One of the consequences of the digital workplace is that it is so easy to create and share content that sometimes we overdo it. Did you really need to send that attachment to everyone or “reply to all”. Are those files you uploaded ever going to get read? Has the blog you posted added anything new to the debate? As an evangelist for social business and the value of collaboration software I do constantly feel the need to be disciplined about what I share. Getting something off my mind might add to the clutter of someone else’s!
It is in that context that I reviewed the whole process of Working Out Loud. I first thought seriously about Working Out Loud about a year ago after a workshop with ex IBMer Luis Suarez. I looked in to it a bit more deeply and came across a blog post by Bryce Williams from back in 2010 which I think has stood the test of time. He described it thus:
Working Out Loud = Observable Work + Narrating Your Work
I like the simplicity of this breakdown. Williams describes Observable Work as “creating / modifying / storing your work in places that others can see it, follow it and contribute to it in process. The key being that items are available during the course of being worked on, and not waiting until a final deliverable to publish to a broader audience.” His view on Narrating Your Work implies the act of journaling (blogging, micro-blogging, etc.) what you are doing in an open way for those interested to find and follow.
I never really had a problem with Observable Work. However, I had always been slightly wary of sharing EVERYTHING i.e. the “narrating your work” bit. That seemed a bit like overkill. In my head I was seeing people tweeting that they were in a coffee shop in an airport the other side of the world. What value did that add to my day?
But I now realise I was missing the point. Sharing everything actually saves me (and others) time and possible frustration. If, in effect, I open my calendar to everyone it has benefits:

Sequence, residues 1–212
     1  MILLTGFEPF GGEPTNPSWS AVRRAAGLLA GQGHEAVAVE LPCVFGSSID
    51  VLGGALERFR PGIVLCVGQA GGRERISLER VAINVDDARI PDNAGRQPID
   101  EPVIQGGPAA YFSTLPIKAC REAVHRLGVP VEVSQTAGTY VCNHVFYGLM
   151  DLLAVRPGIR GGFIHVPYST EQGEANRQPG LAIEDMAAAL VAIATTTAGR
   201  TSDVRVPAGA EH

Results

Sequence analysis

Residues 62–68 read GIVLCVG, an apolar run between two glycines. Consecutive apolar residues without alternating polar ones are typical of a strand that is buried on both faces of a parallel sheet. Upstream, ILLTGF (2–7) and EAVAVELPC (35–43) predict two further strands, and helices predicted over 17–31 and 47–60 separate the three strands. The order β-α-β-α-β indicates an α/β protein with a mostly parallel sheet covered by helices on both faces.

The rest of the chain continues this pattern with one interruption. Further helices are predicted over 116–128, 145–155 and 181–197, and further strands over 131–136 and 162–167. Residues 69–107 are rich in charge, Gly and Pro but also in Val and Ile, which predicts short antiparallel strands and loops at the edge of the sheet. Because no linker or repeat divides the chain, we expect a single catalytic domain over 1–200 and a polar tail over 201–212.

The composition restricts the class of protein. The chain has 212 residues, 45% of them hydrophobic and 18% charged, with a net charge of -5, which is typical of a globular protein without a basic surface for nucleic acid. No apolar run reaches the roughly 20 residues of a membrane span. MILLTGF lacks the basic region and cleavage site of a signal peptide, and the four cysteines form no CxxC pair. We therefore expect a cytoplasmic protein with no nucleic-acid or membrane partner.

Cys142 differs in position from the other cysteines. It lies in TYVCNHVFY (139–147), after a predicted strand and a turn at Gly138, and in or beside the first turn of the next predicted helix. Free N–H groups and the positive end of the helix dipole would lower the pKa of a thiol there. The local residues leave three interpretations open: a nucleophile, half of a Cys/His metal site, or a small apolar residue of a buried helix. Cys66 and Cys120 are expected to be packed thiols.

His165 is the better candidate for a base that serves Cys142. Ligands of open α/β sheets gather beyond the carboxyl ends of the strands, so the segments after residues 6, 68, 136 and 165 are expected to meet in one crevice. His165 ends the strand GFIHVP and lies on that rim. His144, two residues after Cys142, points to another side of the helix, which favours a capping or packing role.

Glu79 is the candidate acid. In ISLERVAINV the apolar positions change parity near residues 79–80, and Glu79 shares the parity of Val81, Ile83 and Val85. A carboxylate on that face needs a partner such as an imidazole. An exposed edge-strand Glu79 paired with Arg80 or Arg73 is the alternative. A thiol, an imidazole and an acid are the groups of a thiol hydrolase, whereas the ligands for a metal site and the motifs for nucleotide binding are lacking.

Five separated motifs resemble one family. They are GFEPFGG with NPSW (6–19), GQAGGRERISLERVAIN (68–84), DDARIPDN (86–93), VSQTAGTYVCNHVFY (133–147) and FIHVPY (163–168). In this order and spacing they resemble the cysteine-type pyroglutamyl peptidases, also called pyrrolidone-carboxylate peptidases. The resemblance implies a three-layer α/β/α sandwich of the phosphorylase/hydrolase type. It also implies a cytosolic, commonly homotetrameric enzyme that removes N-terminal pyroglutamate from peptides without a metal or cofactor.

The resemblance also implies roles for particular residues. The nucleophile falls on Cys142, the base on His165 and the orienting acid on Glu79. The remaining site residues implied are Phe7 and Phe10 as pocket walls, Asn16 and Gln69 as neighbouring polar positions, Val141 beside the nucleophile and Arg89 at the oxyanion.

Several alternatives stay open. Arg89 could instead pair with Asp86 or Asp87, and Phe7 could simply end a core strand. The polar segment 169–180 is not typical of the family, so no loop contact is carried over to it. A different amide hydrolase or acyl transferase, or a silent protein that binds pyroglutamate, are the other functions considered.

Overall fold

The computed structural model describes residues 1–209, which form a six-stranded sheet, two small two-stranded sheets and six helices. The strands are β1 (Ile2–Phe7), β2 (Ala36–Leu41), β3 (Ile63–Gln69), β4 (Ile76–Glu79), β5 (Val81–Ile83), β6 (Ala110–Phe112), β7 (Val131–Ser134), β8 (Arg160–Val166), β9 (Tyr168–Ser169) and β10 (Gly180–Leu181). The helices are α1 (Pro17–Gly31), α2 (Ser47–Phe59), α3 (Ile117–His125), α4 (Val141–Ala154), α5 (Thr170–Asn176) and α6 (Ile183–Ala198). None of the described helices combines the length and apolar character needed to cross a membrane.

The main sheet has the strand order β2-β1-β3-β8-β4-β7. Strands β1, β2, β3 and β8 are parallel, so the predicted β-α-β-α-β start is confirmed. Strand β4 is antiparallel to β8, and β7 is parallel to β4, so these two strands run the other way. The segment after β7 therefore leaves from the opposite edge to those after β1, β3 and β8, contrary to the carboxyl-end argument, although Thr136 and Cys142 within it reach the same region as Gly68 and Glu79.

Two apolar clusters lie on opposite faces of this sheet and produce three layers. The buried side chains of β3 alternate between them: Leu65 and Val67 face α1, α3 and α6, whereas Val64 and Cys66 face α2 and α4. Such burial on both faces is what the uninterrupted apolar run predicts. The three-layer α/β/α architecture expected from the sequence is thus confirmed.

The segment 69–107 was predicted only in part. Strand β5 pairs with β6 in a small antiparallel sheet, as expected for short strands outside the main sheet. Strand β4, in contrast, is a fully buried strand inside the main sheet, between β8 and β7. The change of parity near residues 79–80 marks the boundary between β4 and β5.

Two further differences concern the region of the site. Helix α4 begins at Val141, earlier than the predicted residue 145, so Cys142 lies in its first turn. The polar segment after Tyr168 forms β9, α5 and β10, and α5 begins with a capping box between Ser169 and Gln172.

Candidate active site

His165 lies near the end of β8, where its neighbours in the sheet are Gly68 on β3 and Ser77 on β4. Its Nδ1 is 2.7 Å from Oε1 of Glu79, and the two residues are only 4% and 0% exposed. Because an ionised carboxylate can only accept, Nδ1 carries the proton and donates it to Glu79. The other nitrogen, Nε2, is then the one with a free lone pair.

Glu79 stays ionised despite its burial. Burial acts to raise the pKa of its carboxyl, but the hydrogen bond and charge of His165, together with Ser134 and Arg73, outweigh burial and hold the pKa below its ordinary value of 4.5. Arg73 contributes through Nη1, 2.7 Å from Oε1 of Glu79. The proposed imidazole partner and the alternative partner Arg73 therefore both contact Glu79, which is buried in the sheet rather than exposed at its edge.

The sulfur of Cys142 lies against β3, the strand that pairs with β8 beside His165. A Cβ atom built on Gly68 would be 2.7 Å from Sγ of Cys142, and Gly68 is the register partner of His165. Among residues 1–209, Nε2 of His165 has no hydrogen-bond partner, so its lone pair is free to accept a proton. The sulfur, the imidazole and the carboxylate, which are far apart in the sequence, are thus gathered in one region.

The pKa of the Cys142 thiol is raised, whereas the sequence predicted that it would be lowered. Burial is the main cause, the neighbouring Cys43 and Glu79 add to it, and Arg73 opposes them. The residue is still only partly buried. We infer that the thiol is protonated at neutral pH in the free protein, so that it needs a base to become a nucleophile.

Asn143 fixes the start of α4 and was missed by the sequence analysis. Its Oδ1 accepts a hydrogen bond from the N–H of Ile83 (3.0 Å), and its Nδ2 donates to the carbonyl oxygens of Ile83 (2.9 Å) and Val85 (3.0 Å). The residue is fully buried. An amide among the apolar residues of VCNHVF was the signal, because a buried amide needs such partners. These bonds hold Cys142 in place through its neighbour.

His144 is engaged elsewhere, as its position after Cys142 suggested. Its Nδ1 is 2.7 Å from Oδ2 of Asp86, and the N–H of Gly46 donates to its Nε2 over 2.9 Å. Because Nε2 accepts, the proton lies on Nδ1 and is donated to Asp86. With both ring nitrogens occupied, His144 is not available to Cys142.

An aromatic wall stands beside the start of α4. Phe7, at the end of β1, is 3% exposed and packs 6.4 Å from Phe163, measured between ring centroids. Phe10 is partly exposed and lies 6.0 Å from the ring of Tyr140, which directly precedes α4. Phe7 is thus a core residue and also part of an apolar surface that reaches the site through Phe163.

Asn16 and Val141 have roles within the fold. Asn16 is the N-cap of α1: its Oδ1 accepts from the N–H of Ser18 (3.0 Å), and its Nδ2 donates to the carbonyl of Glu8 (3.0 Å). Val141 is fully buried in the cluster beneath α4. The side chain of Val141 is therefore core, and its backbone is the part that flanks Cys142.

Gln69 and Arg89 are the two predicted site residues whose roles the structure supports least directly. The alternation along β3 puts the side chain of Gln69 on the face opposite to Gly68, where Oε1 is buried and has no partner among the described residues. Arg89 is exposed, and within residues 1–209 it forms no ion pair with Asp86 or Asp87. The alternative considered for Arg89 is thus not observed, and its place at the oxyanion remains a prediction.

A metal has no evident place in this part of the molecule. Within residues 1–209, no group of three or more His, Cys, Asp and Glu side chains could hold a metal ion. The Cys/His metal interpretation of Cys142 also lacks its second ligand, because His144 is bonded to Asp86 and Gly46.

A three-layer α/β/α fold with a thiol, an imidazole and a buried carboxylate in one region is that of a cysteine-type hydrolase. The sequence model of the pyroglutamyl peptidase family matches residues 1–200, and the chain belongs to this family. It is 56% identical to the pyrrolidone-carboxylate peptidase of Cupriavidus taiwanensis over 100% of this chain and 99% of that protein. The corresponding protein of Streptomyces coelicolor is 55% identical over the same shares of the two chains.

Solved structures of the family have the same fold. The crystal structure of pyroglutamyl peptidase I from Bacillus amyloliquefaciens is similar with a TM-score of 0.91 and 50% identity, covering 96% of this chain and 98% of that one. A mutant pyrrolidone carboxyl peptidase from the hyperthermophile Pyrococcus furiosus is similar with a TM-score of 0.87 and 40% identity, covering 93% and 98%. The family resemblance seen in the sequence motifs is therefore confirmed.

Transparency Builds Trust
Being open and working out loud does not have to mean information overload. In fact, it could lead to less, but more efficient, dialogue. Looking at it from another perspective, is it not the case that hiding work processes in the shadows is counter-productive?
Working Out Loud is an aspect of being a social business. How far you take this is down to corporate cultures and individual personalities. Some people will really struggle to put themselves in the spotlight, even if they see the benefits. The ability to be truly open will be a challenge for many organisations.
However, an individual can “work out loud” even in a company which struggles with the concept. And this is my point. Social collaboration software enables the individual to contribute above and beyond their job description. That can be rewarding for employees and employers. Working Out Loud is not a panacea but it is a stepping stone to becoming an open business with a sharing culture. That is a good thing. Sharing your calendar and to-do list not only informs your network but it also stops people asking.
Making this work takes time and commitment but it doesn’t imply anarchy. We still need direction. We still need managers. We just want to open the airwaves for more enlightened communication. In a socialised work environment the things we say and do are much more out in the open than used to be the case. This is not just the consequence of using social tools, it is the purpose.
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